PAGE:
When my husband gets asked this question, he likes to say that we met through an ad in a newspaper. And this is true. But it was not one of those “Women Seeking Men” personal relationship ads where someone who likes long walks on the beach is seeking a fun-loving, marriage-minded guy. I had put in an ad in the San Francisco Bay Guardian to find someone who could help me translate original song lyrics into Japanese for a music project. Manabu answered the ad and ended up helping me record my songs. Our mutual love of creating music was a big factor in us getting together.

Did you live together in Japan?

No. When I met Manabu he had been living in the United States for about twelve years. He came here for college and stayed for graduate school and then on to his career. He never really felt that he fit in living in Japan and, although he didn’t initially intend to live permanently in the U.S., this is what ended up happening. I was inspired by his desire for trading his culture for a new one and eventually created a character who felt the same way (albeit a female one) in my first novel, Midori by Moonlight.

Did you know anything about Japan or Japanese culture prior to meeting your husband?

Yes, I was a certified Japanophile, having studied Japanese language and culture in college. I had traveled to Japan and also lived there for a year.

Had you ever envisioned that you might marry a person from another culture?

Yes. I was always attracted to Asian men. The tall, blond, big-muscled football player was never my type. And I was always the kind of person open and interested in other cultures, perhaps because I grew up in San Francisco, which is so culturally diverse.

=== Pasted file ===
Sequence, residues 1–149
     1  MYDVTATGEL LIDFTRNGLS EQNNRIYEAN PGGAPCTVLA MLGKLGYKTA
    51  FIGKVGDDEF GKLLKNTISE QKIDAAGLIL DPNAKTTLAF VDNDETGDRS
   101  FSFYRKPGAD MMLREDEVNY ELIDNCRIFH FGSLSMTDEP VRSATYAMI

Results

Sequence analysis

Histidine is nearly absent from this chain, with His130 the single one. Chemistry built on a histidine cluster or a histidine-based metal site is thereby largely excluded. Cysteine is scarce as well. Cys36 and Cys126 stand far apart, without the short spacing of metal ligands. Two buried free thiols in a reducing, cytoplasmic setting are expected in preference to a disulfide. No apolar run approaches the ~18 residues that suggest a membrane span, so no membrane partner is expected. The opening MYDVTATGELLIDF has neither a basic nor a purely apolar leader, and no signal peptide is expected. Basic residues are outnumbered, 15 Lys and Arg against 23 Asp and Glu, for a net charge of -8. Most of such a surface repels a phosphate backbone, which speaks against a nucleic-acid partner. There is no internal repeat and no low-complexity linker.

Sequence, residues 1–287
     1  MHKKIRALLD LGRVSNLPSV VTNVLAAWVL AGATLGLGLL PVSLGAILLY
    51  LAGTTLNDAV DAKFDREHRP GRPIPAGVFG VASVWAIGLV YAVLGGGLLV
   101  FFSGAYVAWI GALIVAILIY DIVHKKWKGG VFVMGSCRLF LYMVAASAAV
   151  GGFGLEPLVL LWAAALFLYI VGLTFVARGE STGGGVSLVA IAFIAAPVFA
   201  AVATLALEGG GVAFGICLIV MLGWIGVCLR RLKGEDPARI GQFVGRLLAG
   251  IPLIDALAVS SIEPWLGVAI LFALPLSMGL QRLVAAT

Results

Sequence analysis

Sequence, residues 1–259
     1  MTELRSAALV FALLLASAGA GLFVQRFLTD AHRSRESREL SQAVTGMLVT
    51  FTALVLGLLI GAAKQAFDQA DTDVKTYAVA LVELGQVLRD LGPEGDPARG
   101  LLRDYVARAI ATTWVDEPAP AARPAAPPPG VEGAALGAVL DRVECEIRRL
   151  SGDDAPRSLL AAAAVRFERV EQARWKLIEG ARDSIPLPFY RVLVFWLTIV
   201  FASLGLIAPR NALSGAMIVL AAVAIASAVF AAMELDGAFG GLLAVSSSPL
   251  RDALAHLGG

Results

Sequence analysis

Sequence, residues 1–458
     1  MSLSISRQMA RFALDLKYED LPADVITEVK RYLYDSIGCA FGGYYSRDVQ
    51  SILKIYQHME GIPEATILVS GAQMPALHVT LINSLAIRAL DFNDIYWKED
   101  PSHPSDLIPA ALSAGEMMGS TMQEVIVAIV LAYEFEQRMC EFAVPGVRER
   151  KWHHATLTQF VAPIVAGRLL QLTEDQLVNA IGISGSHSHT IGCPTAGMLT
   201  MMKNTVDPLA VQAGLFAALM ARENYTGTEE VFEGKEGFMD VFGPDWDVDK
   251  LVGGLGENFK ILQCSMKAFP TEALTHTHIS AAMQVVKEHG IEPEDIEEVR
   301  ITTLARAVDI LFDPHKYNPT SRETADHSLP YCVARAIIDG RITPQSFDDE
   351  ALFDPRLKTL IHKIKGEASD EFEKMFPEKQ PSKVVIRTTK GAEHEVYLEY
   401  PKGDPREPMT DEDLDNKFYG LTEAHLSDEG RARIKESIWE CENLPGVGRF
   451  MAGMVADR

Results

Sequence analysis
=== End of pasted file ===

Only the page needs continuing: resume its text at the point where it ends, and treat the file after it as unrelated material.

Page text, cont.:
Do you and your husband speak Japanese to each other?

Rarely. When I first met Manabu, I wanted him to speak to me in Japanese, but his English was so much better than my Japanese so it never seemed to work. He also has this problem I’ve encountered with other Japanese, of having difficulty talking to a person who does not have a Japanese face! But we sometimes speak pidgin—I might say, “Oh! That makes me feel very natsukashii (nostalgic).”

Do you and your husband have any communication problems that have nothing to do with language?

Sometimes. Japanese have something called ki ga tsuku, which I have understood to mean roughly, anticipating another’s feelings before he or she has to express them. This is a very nice sentiment and foreigners visiting Japan are often overwhelmed by an abundance of hospitality and ki ga tsuku. But in everyday married life one may not be so attuned, especially if you’re not used to doing this. Expectations get missed and offense can be taken and sometimes you don’t realize this has happened until way after the incident has occurred. This is sometimes why Japanese think that Americans can be inconsiderate and misunderstandings can happen. Hopefully I’ve gotten better at this after twenty years.